Both the MirBSD Korn Shell and jupp — the editor which sucks less have seen new releases today. Please test them, report all bugs, and otherwise enjoy all the bugfixes.

Other subprojects will also have new releases… once I get around doing so after hacking them…

Update 03.07.2014: New release for MirCPIO, that is, cpio(1) and pax(1) and tar(1) in a somewhat portable package.

-r--r--r-- 4 tg miros-cvssrc 141973 Jul 3 19:56 /MirOS/dist/mir/cpio/paxmirabilis-20140703.cpio.gz

Heartbleed vs. Startcom / StartSSL

2014-04-09 by tg@
Tags: bug debian news rant security work

First of all, good news, MirBSD is not vulnerable to The Heartbleed Bug due to my deliberate choice to stick to an older OpenSSL version. My inquiry (in various places) as to what precisely could leak when a vulnerable client connected to a nōn-vulnerable server has yet to be answered, though we can assume private key material is safe.

Now the bad news: while the CA I use¹ and a CA I don’t use offer free rekeying (in general), a CA I also use occasionally² refuses to do that. The ugly: they will not even revoke the certificates, so any attacker who gained your key, for example when you have been using a certificate of theirs on a Debian system, will be able to use it (e.g. to MITM your visitors traffic) unless you shell over lots of unreasonable money per certificate. (Someone wrote they got the fee waived, but others don’t, nor do I. (There’s also a great Twitter discussion-thingy about this involving Zugschlus, but I won’t link Twitter because they are not accessible to Lynx users like me and other Planet Debian authors.)

① I’ve been using GoDaddy privately for a while, paid for a wildcard certificate for *.mirbsd.org, and later also at work. I’ve stopped using it privately due to current lack of money.

② Occasionally, for nōn-wildcard gratis SSL certificates for HTTP servers. Startcom’s StartSSL certificates are unusable for real SSL as used in SMTP STARTTLS anyway, so usage isn’t much.

Now I’ve got a dilemma here. I’ve created a CA myself, to use with MirBSD infrastructure and things like that — X.509 certificates for my hosts (especially so I can use them for SMTP) and possibly personal friends (whose PGP key I’ve signed with maximum trust after the usual verification) but am using a StartSSL certificate for www.mirbsd.org as my GoDaddy wildcard certificate expires in a week or so (due to the aforementioned monetary issues), and I’d rather not pay for a limited certificate only supporting a single vhost. There is absolutely no issue with that certificate and key (only ever generated and used on MirBSD, only using it in Apache mod_ssl). Then, there’s this soon-to-be tax-exempt non-profit society of public utility I’m working with, whose server runs Debian, and which is affected, but has been using a StartSSL certificate for a while. Neither the society nor I can afford to pay for revocation, and we do not see any possible justification for this especially in the face of CVE-2014-0160. I expect a rekey keeping the current validity end date, and would accept a revocation even if I were unable to get a new certificate, since even were we to get a certificate for the society’s domain from someplace else, an attacker could still MITM us with the previous one from Startcom.

The problem here is: I’d really love to see (all of!) Startcom dropped from the global list of trustworthy CAs, but then I’d not know from where to get a cert for MirBSD; Globalsign is not an option because I will not limit SSL compatibility to a level needed to pass their “quality” test… possibly GoDaddy, ISTR they offer a free year to Open Source projects… no idea about one for the society… but it would solve the problem of not getting the certificates revoked. For everyone.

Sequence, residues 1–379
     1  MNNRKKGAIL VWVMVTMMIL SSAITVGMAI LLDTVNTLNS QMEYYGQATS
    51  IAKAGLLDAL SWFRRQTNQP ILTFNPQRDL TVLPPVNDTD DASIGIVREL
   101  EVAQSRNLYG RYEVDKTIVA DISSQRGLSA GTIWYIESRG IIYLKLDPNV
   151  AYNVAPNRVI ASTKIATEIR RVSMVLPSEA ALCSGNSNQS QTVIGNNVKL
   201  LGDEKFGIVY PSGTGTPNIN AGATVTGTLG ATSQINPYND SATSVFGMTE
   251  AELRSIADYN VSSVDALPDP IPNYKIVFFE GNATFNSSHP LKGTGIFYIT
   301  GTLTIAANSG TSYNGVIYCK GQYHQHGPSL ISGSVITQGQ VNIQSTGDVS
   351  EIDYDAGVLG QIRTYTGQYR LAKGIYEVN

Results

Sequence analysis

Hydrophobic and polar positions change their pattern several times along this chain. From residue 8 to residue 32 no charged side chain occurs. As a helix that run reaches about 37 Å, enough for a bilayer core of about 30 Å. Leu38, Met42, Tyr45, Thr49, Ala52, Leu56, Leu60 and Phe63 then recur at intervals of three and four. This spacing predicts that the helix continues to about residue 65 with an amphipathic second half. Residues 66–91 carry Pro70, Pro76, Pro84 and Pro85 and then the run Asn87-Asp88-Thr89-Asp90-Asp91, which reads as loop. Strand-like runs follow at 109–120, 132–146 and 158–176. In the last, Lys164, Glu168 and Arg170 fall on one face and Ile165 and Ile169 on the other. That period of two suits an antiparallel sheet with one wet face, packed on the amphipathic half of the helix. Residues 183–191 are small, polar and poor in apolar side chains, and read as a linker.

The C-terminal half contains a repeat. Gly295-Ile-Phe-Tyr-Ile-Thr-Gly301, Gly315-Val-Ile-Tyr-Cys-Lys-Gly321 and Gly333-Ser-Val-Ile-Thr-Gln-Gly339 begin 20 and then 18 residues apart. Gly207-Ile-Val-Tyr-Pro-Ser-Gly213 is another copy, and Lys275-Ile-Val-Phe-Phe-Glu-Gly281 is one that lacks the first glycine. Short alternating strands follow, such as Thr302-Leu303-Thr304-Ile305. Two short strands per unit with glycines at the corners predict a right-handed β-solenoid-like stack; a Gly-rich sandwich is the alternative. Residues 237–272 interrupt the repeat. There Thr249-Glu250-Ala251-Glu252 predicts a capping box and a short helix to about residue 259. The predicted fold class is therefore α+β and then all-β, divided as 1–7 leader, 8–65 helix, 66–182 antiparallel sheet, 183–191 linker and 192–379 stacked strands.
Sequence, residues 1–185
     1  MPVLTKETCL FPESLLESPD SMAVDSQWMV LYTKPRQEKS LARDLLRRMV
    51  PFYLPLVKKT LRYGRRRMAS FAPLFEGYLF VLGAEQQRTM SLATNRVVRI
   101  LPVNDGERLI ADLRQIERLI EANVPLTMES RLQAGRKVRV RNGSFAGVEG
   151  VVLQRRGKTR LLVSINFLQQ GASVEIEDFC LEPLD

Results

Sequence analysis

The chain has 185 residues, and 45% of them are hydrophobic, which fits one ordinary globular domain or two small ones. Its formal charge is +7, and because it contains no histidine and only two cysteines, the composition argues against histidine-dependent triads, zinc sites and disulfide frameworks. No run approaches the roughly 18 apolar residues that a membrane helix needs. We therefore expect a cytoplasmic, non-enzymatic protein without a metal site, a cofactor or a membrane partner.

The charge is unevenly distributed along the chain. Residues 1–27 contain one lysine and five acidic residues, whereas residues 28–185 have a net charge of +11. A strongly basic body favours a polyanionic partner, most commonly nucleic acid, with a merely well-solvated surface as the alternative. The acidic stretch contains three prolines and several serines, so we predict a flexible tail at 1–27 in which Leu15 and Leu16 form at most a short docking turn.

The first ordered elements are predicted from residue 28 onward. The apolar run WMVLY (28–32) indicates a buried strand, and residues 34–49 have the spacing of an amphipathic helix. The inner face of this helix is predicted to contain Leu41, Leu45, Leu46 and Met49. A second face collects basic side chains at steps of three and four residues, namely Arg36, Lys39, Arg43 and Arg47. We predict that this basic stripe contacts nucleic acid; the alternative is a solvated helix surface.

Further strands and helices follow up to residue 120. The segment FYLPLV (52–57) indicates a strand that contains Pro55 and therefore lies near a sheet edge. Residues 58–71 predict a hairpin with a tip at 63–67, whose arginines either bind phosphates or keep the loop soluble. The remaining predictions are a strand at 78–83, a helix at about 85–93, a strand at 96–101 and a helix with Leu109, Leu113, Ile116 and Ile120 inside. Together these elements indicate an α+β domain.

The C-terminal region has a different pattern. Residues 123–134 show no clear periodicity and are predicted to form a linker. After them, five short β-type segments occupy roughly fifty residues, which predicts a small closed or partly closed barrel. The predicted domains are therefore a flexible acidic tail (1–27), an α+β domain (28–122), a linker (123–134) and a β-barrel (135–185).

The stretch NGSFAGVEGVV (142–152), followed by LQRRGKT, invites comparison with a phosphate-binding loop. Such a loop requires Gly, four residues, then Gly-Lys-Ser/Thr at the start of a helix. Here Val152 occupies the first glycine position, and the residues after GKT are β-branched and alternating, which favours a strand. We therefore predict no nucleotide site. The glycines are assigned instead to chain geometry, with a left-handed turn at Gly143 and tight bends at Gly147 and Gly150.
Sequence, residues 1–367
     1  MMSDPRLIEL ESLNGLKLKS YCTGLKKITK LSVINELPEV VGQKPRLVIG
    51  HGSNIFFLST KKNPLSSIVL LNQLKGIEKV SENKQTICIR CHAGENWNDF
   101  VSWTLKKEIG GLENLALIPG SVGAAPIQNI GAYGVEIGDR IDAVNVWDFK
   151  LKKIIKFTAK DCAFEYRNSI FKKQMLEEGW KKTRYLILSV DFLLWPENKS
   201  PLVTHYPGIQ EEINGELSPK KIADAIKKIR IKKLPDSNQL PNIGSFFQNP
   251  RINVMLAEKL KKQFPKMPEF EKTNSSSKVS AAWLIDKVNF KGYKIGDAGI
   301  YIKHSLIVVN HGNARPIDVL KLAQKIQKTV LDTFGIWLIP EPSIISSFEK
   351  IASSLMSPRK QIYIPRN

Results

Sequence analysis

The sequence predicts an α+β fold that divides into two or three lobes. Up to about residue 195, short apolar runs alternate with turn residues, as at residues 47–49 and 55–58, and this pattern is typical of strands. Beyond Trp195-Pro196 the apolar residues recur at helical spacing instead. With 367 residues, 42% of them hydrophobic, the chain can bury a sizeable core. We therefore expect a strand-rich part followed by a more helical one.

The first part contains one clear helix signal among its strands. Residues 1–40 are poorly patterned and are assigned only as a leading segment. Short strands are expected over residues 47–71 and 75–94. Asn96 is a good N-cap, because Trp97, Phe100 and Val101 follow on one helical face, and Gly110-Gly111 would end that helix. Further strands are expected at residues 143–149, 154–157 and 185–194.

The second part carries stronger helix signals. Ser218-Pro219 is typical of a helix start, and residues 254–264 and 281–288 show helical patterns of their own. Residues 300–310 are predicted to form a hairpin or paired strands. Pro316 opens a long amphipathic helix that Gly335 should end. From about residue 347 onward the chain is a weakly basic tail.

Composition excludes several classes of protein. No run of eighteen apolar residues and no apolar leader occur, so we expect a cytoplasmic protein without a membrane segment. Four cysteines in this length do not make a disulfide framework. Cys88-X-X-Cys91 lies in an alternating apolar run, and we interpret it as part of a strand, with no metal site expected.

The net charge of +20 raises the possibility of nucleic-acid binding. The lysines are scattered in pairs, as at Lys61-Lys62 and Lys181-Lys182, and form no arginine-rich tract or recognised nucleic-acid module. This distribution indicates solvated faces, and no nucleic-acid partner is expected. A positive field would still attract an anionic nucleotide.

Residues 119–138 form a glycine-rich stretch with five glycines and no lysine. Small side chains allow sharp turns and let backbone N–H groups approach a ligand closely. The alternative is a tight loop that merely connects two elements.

I am giving Startcom time until Friday after $dayjob (for me); after that, I’ll be kicking them off MirBSD’s CA bundle and will be lobbying for Debian and Mozilla to do the same.

Any other ideas of how to deal with that? I’d probably pay 5 € for a usable certificate accepted by people (including old systems, such as MSIE 5.0 on Win2k and the likes) without questioning… most of the time, I only serve public content anyway and just use SSL to make the NSA’s job more difficult (and even when not I’m not dealing with any payment information, just the occasional login protected area).

By the way, is there any way to access the information that is behind a current-day link to groups.google.com with Lynx or Pine? I can’t help but praise GMane for their NNTP interface.

ObFunfact: just when I was finished writing this wlog entry, I got a new eMail “Special offer just for you.” from GoDaddy. Sadly, no offer for a 5 € SSL certificate, just the usual 20-35% off coupon code.

Server and service moves

2014-04-04 by tg@
Tags: snapshot

I’m currently moving servers and services, and have just installed MirBSD natively on the new www-to-be, fish (part of FreeWRT’s legacy). This means that some services will be temporarily unavailable in the days (*cough*) to come. Also, we will temporarily be restricted to Legacy IP availability, losing IP connectivity until I manage to set up a tunnel at the new location. Sorry for doing this “at the last minute” but it’s an involved process. On the other hand, I did already get a new SSL certificate for www.mirbsd.org (from Startcom), and begun operating a MirBSD CA (for the forth time) for all our other X.509 needs (mostly, server-to-server SSL connections including auth’d SMTP relaying).

In true “rolling release” fashion, there is a new MirBSD snapshot for the i386 architecture available in the usual netinstall location. I removed all MirPorts binary packages for previous snapshots, since there were quite some changes (libc major bump, C++ removal, etc.) in base in the meantime. (Expect some fallout. I just realised I cancelled the Manitu server (for monetary reasons), which is blazingly fast, before I was able to finish doing a usable G++ 4.4 port…)